Washington State Liaison

Ray Ballantyne was born into an aviator family as his father was a WWII CG-4A Combat Glider pilot who met his mother at Avenger Field in Sweetwater, TX while she was training to be a WASP (Women Airforce Service Pilot). Ray earned his pilot’s license before he got his driver’s license. “I thought I was cool in high school giving friends airplane rides,” he says.

He was hired by the FAA as an Air Traffic Control (ATC) specialist in 1977 and assigned to the small Flight Service Station in Cut Bank, Montana. His first flight into Schafer Meadows, MT the summer of 1979 started a lifelong love of backcountry flying. His 34 year ATC career included several towers in Alaska – Bethel, Fairbanks, Anchorage and Merrill – while also doing some part time commercial air taxi flying at Bethel and Fairbanks; and Colorado Springs. Moving from Alaska in 2000, he was the Terminal Hub Manager for Oregon working at the Portland ATCT/TRACON.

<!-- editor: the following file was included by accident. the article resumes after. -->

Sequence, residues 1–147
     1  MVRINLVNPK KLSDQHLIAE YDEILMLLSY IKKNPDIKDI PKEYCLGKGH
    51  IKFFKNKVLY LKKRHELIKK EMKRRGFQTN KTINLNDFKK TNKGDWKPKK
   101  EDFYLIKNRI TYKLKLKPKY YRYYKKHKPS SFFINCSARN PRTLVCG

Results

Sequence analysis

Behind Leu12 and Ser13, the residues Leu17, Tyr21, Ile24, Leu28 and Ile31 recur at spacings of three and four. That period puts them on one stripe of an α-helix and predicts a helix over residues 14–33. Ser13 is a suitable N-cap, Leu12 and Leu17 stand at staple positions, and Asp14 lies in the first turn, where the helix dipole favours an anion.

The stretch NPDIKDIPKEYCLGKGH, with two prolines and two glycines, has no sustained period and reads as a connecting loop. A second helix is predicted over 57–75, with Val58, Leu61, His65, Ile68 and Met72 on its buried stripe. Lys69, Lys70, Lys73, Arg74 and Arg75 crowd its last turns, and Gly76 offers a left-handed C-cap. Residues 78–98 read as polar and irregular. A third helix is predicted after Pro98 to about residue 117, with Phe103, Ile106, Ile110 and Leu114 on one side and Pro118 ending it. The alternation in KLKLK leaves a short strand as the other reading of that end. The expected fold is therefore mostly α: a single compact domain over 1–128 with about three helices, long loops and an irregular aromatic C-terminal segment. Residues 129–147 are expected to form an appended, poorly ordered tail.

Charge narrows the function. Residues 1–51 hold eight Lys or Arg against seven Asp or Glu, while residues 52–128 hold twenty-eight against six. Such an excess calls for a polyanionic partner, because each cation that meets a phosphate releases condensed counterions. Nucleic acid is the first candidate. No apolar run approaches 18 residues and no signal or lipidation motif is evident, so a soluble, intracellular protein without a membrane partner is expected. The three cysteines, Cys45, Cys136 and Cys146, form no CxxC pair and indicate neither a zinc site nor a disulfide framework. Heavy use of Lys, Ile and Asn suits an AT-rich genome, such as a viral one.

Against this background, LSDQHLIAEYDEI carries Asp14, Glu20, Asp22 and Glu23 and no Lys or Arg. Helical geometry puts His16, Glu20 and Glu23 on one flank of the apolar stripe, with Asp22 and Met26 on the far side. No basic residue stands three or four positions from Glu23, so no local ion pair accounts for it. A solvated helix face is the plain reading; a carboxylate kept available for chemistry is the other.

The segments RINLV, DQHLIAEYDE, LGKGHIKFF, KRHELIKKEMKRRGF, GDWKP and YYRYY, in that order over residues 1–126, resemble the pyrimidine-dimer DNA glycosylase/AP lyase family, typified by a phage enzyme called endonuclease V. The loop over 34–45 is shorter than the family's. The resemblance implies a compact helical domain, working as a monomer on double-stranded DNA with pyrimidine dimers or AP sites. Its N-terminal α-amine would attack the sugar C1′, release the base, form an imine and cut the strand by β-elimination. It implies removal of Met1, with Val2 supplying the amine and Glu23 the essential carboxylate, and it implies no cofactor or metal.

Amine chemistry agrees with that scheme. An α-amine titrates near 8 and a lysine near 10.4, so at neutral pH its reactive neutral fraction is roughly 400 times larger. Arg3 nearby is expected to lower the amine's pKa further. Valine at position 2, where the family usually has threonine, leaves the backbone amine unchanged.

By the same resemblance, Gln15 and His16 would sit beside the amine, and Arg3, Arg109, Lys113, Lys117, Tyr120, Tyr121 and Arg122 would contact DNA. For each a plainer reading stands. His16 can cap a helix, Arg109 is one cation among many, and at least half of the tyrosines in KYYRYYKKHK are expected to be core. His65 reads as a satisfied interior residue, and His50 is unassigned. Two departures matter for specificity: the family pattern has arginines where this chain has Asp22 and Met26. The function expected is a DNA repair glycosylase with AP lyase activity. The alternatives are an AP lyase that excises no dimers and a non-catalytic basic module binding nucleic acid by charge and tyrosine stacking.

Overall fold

After a stint in the Regional office in Seattle, he served as the Quality Assurance manager for Los Angeles ARTCC. Leaving there for duty at the national FAA Headquarters in DC, he finished his career as Senior Advisor to the Western Service Area Terminal Director in Seattle.

A couple of unusual air traffic assignments placed Ray on a Coast Guard cutter in Prince William Sound, and on the bridge of the Exxon Valdez during the 1989 oil spill. During Alaska’s Iditarod Sled Dog Race he conducted temporary ATC at the Skwentna checkpoint.

“My wife Lisa and I are actively retired at our hangar-home in Sequim, Washington, and enjoy flying our GlaStar to magical airstrips around the Washington, Oregon and Idaho areas,” Ray says. Lisa serves the RAF as a VP of Appreciation. Ray is active with golf, his local EAA 430 chapter, and now has stepped up to join Dave Whitelaw as an RAF Washington State Liaison.

Ray can be reached at rballantyne@theraf.org.
(360) 808-6767


  1. Kenneth B Brown on March 23, 2020 at 12:22 am

    Happy Anniversary Ray. Wishing both of you the very best. Always.

Leave a Comment